The Land That Time Forgot (1975 UK/USA)

forgotEdgar Rice Burroughs surely had an amazing imagination. He is best remembered for authoring Tarzan, Barsoom and Pellucidar. The Land that Time Forgot is one of his lesser known works. Like most of his stories, this one has some really bizarre notions about science. This story features a lost land where evolution actually runs…er…backwards.

Our brave explorers are a small group of British seamen and a German U-boat crew, thrown together on the U-boat by highly improbable fortunes of war. Both factions vie for control of the U-boat, which causes the vessel to become hopelessly lost. Thus the divided crew unintentionally discovers the lost world. How does this group handle entering a primeval world? They decide to temporarily set aside their World War One differences and work together to escape the lost land. There are plenty of interesting characters in this film.

Doug McClure does a great job as a brawling, likable hero. There is a pretty, intelligent scientist – type woman as his girlfriend (Susan Penhaligon). She manages to keep all (that’s right, all) of her clothes on throughout the motion picture, which is both a remarkable and regrettable feat for this genre. The captain turns out to be a better scientist than a submariner, and the first mate acts like wartime allegiances are still important. The main dynamics between the characters are who is in charge, the Germans or Doug McClure? Both sides are looking to turn the tables at the earliest opportunity, and this provides a nice bit of ongoing tension in the movie.

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It is hard to comment on the ‘science’ of backward evolution in this lost land of Caprona. At least it provides a rationale for the abundant mix of dinosaurs and cave men. Now, about those dinosaurs. They are cheesy puppets! ‘Cmon people. It’s 1975. What about stop motion? If only. However, as poor as some of the dinosaurs look, they do make interesting appearances, sometimes including direct attacks on the crew. Everything else, the lost world of Caprona, the U-boat, the costumes are all very well done and look great. What really makes this movie work is that the pace and action of the story do not disappoint, and the plot never stagnates. The characters are compelling and have competing interests.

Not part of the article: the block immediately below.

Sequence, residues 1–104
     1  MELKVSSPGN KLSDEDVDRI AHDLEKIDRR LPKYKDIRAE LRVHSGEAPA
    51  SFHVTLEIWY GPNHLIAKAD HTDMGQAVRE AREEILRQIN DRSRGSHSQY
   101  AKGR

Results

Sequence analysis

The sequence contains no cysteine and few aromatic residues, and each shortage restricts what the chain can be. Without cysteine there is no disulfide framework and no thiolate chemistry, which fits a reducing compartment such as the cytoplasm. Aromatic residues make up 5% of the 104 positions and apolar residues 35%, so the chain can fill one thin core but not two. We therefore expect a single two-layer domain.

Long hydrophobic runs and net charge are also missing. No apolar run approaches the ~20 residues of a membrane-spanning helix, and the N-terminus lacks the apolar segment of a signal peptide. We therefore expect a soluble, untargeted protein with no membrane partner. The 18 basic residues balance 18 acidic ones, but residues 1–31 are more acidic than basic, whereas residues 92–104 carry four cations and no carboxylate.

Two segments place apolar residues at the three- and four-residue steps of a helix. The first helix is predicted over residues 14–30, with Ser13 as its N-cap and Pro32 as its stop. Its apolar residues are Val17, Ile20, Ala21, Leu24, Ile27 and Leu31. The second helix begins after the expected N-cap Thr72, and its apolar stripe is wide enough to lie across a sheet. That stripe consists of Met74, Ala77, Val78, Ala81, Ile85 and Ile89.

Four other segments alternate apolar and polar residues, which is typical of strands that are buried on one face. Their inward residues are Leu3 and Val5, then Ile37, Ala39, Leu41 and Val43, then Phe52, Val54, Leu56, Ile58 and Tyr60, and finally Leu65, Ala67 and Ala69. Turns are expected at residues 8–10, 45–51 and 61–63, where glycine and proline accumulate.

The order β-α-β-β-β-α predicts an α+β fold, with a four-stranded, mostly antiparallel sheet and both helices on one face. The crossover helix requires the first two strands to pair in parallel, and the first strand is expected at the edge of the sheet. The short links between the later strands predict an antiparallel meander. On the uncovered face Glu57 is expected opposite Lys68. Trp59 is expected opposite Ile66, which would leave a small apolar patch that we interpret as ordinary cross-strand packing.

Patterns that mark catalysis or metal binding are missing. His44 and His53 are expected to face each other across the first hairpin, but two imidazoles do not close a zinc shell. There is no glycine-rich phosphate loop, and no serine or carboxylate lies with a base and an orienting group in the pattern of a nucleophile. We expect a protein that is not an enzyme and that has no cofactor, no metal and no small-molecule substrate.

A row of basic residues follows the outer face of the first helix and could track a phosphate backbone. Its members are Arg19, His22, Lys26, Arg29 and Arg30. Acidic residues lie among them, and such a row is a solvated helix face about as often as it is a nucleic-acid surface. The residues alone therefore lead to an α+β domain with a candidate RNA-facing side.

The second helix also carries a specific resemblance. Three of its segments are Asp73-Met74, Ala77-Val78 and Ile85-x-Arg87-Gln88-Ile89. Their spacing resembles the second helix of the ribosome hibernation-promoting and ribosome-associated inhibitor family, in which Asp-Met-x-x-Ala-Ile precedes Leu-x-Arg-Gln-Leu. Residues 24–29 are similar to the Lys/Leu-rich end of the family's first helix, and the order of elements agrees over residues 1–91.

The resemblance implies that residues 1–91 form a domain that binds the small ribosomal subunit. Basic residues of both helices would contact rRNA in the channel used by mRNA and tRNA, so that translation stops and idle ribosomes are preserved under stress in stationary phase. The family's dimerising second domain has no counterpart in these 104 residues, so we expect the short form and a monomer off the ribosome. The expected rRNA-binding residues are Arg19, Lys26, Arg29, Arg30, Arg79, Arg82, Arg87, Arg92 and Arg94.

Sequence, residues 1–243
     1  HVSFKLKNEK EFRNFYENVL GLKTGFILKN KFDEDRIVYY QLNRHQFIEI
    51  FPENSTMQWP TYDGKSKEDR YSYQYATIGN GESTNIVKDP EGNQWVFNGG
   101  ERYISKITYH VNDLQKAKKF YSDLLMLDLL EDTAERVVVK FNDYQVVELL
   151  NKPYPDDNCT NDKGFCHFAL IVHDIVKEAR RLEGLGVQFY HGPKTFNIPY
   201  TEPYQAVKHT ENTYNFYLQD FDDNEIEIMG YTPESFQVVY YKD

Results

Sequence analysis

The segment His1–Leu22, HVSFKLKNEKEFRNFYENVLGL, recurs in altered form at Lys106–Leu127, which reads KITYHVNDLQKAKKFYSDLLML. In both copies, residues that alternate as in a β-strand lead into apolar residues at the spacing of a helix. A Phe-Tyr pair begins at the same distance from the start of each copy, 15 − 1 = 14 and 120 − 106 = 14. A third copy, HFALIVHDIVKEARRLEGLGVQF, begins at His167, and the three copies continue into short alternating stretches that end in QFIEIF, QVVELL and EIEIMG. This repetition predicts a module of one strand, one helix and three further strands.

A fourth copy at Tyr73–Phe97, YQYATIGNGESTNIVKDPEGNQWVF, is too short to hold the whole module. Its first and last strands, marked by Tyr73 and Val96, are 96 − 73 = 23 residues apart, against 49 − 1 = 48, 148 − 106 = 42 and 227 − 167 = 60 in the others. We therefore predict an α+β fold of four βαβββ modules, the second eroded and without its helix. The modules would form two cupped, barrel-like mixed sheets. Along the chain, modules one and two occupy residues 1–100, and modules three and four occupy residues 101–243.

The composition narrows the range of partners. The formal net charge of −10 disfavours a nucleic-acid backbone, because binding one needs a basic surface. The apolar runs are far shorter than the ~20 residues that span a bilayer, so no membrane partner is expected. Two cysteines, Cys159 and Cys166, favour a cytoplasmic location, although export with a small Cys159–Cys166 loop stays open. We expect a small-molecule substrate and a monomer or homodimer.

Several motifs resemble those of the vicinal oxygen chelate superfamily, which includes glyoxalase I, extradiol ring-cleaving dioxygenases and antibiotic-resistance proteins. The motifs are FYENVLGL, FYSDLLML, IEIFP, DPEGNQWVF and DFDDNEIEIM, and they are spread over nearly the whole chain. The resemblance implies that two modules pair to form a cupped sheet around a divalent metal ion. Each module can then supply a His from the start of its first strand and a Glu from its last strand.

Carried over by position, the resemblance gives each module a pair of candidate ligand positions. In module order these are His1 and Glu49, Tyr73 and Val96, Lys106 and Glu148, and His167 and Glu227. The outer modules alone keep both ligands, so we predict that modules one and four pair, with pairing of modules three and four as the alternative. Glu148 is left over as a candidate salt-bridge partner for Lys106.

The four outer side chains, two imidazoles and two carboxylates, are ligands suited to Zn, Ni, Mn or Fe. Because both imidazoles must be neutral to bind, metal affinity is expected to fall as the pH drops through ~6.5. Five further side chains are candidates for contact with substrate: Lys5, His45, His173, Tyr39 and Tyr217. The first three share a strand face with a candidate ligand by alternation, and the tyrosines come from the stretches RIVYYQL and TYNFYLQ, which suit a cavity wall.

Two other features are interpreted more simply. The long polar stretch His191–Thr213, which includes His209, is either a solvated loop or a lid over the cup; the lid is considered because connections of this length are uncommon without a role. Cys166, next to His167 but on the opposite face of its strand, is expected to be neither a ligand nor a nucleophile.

The plot builds to several crises occurring at once, including a discovery that the crew theoretically might not be able to leave the evolutionary pull of Caprona, that the U-boat has the fuel needed to escape, then a volcano erupts, and an armed play for control of the boat occurs. The final scene is a wonderful blend of intensity and pathos as the U-boat heads to sea with flames and destruction all around. It is a spectacular finish, and it wraps the film up perfectly. This is a well written, well acted ‘Lost World’ type film, capturing a sense of adventure and travel that’s almost forgotten from modern story telling what with all the political correctness and marketing hype we have today.

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